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Benefits restored for retired officer

By David Rattigan
Globe Correspondent / July 15, 2012
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As work continues on changes in the municipal unemployment system, the retired Lynnfield police officer whose case was the catalyst for change has had his unemployment benefits reinstated.

In late June, the Department of Unemployment Assistance reinstated unemployment benefits for Hartley Boudreau, 70, who filed an unemployment claim in 2011 after being told that because of hours he'd worked, he could no longer work police details for the town without it interfering with his pension. After filing the claim he was awarded the unemployment benefits, in addition to collecting his pension and the $25,000 he had made earlier that year.

Frustrated when the town lost its appeal of that decision, Town Administrator Bill Gustus began an online discussion with financial officials in other communities that led him to write a letter co-signed by 23 others, asking the governor for help and citing unemployment benefits to municipal employees deemed “questionable” and, in one case, defied “the laws of sanity.”

The cases cited in the letter and in subsequent communication between the Department of Unemployment Assistance and municipalities have involved teachers, bus drivers, crossing guards, seasonal workers, salaried members of boards and commissions, and police and firefighters.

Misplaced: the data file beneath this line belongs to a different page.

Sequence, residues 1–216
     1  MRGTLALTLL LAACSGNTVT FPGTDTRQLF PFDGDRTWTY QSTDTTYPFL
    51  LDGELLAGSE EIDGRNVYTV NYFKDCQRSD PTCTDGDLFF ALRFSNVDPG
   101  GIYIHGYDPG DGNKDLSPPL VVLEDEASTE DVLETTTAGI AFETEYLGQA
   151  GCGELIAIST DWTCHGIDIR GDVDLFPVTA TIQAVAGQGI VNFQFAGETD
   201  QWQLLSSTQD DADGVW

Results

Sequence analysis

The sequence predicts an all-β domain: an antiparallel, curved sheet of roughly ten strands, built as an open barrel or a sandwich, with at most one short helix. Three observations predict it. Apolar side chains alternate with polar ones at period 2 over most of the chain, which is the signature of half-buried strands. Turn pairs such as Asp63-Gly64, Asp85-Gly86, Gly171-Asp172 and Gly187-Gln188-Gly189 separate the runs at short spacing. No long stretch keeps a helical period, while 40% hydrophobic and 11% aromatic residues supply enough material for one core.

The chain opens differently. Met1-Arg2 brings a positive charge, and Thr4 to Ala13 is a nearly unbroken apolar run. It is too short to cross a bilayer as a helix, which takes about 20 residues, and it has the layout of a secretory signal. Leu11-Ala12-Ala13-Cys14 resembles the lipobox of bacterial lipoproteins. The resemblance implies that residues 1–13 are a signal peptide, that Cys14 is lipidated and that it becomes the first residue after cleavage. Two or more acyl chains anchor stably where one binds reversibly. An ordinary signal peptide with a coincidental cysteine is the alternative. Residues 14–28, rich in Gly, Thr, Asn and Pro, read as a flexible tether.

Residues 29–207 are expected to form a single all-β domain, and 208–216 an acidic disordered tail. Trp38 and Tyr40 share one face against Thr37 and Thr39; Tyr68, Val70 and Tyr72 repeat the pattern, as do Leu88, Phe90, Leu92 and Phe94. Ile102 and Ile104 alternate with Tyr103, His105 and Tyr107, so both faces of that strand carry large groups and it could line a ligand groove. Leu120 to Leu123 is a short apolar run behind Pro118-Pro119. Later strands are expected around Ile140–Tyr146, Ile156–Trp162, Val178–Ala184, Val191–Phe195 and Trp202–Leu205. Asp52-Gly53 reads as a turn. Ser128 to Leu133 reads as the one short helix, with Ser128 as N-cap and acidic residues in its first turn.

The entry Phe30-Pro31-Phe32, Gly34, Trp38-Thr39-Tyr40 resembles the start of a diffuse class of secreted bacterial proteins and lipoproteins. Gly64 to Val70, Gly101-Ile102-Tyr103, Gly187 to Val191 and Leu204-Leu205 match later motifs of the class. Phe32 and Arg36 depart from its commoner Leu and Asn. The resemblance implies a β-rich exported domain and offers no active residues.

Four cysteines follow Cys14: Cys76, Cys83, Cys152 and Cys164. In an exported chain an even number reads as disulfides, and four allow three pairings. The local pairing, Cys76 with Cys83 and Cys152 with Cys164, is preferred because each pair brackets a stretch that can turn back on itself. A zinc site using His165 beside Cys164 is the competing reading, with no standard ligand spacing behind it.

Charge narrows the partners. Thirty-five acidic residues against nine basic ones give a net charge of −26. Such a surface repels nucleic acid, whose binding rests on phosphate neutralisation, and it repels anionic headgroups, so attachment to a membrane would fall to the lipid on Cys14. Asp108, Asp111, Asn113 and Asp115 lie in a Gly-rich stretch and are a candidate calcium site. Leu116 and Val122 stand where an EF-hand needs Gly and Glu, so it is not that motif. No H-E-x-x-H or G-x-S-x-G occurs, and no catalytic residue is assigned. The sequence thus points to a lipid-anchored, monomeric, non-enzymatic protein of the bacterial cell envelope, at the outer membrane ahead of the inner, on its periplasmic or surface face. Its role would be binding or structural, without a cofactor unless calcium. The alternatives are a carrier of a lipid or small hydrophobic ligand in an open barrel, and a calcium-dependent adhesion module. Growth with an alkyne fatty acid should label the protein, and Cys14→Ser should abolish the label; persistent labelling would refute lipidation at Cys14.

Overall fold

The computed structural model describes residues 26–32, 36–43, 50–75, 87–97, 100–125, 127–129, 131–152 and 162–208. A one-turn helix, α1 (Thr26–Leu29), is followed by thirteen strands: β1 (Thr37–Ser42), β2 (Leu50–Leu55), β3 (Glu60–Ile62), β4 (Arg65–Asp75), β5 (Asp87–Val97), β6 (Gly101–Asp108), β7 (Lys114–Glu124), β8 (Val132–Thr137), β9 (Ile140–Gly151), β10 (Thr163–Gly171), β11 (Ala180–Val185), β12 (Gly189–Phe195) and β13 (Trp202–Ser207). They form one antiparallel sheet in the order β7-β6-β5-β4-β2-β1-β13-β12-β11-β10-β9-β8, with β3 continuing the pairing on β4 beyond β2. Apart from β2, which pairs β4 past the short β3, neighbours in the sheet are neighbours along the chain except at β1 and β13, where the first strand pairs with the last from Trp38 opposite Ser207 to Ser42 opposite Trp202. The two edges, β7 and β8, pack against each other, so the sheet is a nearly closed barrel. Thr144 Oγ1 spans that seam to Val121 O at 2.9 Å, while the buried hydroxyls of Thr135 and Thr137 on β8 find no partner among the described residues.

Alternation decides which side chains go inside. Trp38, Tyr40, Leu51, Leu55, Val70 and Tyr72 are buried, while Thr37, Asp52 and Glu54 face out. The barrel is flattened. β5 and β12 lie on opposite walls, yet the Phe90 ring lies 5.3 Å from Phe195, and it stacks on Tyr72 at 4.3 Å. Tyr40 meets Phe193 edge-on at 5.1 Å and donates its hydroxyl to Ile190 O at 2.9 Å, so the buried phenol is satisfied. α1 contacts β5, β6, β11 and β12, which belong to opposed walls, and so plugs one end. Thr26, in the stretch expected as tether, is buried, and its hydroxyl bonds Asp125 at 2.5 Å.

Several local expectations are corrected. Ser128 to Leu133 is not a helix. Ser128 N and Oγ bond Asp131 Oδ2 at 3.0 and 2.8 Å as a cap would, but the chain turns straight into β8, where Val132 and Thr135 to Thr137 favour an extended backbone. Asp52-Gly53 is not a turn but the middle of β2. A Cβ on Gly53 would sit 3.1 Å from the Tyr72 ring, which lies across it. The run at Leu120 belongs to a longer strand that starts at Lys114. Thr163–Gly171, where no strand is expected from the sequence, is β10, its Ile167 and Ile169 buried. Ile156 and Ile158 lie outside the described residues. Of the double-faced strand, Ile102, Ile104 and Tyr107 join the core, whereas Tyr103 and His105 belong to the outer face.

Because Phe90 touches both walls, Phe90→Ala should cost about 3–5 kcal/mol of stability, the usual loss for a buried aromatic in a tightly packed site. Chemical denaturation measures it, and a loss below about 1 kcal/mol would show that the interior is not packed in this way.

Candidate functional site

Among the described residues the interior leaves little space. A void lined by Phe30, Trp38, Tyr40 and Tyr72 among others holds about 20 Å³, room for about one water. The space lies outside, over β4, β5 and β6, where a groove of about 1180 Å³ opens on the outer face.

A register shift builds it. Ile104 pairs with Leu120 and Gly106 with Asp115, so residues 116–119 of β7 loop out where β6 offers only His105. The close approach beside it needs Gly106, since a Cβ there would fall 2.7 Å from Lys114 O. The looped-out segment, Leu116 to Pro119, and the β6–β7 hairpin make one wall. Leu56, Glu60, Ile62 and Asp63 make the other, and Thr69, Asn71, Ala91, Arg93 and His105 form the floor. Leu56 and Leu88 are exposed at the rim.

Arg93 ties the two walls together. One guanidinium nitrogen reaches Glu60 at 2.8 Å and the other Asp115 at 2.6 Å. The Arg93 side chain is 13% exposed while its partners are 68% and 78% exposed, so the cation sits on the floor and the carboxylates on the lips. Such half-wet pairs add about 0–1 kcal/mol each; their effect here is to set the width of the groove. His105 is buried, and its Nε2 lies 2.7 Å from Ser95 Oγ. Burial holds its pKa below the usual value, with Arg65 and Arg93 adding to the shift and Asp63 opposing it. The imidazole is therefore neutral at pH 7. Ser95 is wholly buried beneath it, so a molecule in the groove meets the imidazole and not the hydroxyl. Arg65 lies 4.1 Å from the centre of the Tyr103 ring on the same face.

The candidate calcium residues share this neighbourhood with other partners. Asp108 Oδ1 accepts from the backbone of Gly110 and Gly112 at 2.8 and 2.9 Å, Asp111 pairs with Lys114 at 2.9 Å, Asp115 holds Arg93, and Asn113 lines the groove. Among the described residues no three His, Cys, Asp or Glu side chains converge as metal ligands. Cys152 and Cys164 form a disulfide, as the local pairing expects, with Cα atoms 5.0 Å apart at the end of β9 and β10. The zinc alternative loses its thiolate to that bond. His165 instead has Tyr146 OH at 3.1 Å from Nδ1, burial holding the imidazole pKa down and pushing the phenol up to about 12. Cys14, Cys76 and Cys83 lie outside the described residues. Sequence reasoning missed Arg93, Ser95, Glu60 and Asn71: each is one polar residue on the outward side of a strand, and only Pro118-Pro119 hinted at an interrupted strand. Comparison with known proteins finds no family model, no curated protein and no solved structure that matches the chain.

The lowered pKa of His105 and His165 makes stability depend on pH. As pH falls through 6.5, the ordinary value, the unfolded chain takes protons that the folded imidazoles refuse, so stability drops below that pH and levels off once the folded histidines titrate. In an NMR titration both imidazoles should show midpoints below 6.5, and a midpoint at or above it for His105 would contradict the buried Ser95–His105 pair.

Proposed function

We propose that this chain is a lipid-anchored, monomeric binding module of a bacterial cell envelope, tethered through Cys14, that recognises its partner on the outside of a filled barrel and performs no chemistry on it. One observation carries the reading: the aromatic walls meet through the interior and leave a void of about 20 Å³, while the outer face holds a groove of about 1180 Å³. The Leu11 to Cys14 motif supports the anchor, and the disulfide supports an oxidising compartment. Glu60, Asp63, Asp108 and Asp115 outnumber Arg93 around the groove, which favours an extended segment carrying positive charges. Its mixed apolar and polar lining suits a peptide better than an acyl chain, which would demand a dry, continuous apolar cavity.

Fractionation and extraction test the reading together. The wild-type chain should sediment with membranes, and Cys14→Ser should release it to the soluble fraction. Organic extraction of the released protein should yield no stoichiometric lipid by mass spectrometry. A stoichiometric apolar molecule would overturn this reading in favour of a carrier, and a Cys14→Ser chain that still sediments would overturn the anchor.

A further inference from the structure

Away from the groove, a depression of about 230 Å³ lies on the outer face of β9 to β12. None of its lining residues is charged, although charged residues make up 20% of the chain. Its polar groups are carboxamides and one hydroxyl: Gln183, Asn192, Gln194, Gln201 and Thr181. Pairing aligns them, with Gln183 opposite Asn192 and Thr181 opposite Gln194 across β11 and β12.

They also prompted the filing of a bill and creation of the Task Force on Municipalities to review cases and offer solutions, and led the Department of Unemployment Assistance to reopen the Boudreau case. “I can't say I was surprised,’ Gustus said of the decision. “The governor filed a bill to change the law to prevent this from happening. The law has not yet changed, so it doesn't surprise me that they reinstated his unemployment. He's doing what the law allows him to do. . . . We need to get the law changed.”

Meanwhile, the task force, chaired by state labor and workforce development secretary, Joanne Goldstein, and including representatives from municipalities, the Legislature, unions, and taxpayers, has met four times, with another meeting slated July 24. There is no deadline for the task force to issue its recommendations.

David Rattigan can be reached at rattigand@aol.com

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